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that was ground zero, parl hill. and possibly being the main target. but the war memorial being a distraction. >> the speaker of the house of commons, he was saying that the interesting thing about the policing on capitol hill, the permitter is ottawa police, and the grounds are the rcmp. and the buildings are parliamentary guards. so in fact, it has be an effective addition trax if that were want aim, because if someone were shot at the war memorial, 100 meters away, there's this large gathering of law enforcement who would logically head that way if they needed to. so the aim would have been to drain some of the resources away from parliament. >> at this point, they say its still speculation, but it seems
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like a logical strategy. >> by the way, when you say the police are saying little, in the united states, we are used to the police saying quite a bit right at the beginning, and a lot of people have been surprised listening to the press conference today that in fact very little is said. and that's relatively typical in canada. >> it is, actually. in these cases, you don't hear a lot. they like to keep their investigation under wraps, not a lot coming out and even to the point where people are getting frustrated today. at one point, there was speculation that there was a second shooter or even a third, and police at some point had backed away for three blocks, because the police, to their own knowledge, they were so much in the dark with the officers on the ground, to their knowledge, they believe there was another shooter on one of the rooftops of a building downtown. so even for them, the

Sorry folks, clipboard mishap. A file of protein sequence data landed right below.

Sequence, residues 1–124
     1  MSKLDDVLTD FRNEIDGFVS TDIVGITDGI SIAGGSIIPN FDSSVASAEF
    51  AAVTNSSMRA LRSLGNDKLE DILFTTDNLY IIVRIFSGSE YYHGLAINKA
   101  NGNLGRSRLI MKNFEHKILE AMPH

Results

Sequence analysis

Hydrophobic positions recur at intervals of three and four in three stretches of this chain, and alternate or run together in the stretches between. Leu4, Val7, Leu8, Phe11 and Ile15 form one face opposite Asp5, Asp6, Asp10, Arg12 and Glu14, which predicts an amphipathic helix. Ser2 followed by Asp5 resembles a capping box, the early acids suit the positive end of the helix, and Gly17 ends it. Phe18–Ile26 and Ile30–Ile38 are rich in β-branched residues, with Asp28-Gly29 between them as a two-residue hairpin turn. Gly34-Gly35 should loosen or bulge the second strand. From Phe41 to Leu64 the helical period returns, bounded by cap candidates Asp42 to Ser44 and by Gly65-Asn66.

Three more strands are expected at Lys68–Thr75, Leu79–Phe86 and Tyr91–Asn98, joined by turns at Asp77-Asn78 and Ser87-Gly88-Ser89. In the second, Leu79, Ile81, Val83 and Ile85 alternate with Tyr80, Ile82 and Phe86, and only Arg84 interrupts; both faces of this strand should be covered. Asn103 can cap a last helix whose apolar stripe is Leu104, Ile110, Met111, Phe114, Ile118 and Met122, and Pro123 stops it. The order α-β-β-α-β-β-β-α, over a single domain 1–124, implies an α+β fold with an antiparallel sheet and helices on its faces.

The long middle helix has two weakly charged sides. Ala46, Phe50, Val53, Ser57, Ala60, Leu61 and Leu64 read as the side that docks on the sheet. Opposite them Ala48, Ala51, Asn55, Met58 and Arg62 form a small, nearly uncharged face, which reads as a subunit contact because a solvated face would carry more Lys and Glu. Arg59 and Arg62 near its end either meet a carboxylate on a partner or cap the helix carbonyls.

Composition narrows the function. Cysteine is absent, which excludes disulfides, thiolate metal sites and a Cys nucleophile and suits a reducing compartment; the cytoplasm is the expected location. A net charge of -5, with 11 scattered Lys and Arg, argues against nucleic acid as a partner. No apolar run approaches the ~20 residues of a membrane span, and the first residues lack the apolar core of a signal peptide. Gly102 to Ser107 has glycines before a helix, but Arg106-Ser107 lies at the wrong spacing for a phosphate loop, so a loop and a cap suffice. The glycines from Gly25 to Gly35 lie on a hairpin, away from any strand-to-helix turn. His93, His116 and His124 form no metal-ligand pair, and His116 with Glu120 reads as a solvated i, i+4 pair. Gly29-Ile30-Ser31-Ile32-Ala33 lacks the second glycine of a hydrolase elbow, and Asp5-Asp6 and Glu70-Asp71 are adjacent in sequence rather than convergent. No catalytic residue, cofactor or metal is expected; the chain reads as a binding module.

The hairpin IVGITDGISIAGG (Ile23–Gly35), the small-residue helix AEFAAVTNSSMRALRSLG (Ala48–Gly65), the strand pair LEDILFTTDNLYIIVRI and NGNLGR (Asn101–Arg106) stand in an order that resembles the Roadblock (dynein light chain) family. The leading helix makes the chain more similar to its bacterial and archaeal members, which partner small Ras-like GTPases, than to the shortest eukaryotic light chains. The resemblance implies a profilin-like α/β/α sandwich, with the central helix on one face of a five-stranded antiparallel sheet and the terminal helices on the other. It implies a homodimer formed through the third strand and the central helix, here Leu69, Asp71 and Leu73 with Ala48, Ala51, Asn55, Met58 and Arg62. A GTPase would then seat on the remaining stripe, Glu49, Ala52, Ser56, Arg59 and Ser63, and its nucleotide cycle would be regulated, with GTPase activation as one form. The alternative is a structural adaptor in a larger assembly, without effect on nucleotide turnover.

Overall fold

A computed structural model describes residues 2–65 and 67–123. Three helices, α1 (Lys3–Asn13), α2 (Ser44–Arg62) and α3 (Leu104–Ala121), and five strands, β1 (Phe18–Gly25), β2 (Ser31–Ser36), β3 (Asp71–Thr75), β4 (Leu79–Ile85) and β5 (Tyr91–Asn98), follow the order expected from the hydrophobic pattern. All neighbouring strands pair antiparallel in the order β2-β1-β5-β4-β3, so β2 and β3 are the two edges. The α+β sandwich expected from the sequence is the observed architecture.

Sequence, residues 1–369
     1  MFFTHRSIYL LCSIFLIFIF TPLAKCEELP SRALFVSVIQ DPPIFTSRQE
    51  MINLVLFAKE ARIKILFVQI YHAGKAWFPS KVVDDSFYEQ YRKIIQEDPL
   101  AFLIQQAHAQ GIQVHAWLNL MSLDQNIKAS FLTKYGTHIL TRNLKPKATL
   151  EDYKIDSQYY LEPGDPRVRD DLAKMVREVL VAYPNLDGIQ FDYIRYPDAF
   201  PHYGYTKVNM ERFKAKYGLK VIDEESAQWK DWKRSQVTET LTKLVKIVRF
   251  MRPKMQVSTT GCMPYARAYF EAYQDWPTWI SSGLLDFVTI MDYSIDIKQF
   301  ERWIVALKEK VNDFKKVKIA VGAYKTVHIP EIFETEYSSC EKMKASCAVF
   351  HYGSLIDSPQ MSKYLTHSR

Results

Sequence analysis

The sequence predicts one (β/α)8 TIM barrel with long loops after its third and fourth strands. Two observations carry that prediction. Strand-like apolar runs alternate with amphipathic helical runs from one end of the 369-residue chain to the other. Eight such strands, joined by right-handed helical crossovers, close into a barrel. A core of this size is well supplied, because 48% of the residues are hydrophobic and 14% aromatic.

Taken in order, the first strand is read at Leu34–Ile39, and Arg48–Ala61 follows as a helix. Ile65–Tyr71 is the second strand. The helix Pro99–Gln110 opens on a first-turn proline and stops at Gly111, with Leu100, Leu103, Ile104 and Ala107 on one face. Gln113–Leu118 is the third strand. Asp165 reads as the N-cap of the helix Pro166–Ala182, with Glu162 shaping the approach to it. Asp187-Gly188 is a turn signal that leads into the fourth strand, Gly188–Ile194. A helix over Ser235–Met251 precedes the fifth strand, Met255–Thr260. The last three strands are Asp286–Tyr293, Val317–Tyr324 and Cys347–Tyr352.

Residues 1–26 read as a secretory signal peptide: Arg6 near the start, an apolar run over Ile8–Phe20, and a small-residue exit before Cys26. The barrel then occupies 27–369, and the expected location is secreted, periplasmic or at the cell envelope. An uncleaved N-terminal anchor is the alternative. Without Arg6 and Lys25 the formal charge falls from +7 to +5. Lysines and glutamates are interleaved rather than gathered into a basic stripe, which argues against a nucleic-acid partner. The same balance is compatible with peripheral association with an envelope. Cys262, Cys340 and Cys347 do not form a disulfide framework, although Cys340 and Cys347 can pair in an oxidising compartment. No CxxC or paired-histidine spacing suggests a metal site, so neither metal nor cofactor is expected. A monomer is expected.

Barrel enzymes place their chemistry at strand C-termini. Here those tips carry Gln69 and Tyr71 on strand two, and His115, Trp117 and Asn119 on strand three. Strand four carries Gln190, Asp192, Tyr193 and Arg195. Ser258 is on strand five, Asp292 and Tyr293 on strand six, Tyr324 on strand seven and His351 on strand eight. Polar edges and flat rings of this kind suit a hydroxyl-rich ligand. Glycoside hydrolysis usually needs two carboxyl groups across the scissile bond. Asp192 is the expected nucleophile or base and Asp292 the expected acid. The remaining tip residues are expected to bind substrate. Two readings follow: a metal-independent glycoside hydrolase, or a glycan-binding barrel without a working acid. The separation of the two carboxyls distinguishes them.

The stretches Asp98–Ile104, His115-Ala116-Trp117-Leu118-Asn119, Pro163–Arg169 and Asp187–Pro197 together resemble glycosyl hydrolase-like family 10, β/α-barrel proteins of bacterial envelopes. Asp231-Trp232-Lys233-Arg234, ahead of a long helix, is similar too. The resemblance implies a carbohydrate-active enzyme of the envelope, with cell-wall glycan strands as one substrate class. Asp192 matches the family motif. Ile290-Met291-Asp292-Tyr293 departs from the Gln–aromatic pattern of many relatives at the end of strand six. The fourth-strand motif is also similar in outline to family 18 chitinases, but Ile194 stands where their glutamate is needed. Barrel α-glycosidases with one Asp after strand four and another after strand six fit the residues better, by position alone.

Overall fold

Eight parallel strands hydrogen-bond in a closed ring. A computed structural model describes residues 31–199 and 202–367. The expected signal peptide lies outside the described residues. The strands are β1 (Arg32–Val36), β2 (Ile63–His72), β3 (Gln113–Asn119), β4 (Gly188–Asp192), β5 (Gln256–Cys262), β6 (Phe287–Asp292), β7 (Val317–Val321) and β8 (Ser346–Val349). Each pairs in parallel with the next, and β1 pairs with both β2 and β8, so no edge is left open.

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information was very unclear, but again, we don't often get that much information at the press conference. but many buildings downtown are still under lock down, including our building, which is a partial lock down. >> we have been hearing word that certainly in quebec, ontario borders, and some soldiers have been told, don't wear your uniforms in public. this weekend, a person was run down, and then this incident, these soldiers who guard the war memorial, the ceremonial guard, they are in full dress uniform, is that correct? >> that's correct, yeah. >> omar, this continues to be a developing story, and thank you for representing us out with some of it. omar pacheco is a reporter for the cbc.
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our coverage continues.
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>> president barack obama was briefed on the security issues, and mike viqueira is at the white house today. we have heard all sorts of things. everything in canada, nothing happens in isolation, when bad things happen, before anybody really figured out what those bad things are, someone in the u.s. is reacting to it. and tell us what happened. we know what happened in ottawa, and what was going on in washington? >> you're absolutely right, ali. it goes to the geographical and cultural affinity that these two countries have. he was on the phone with stephen harper, and just as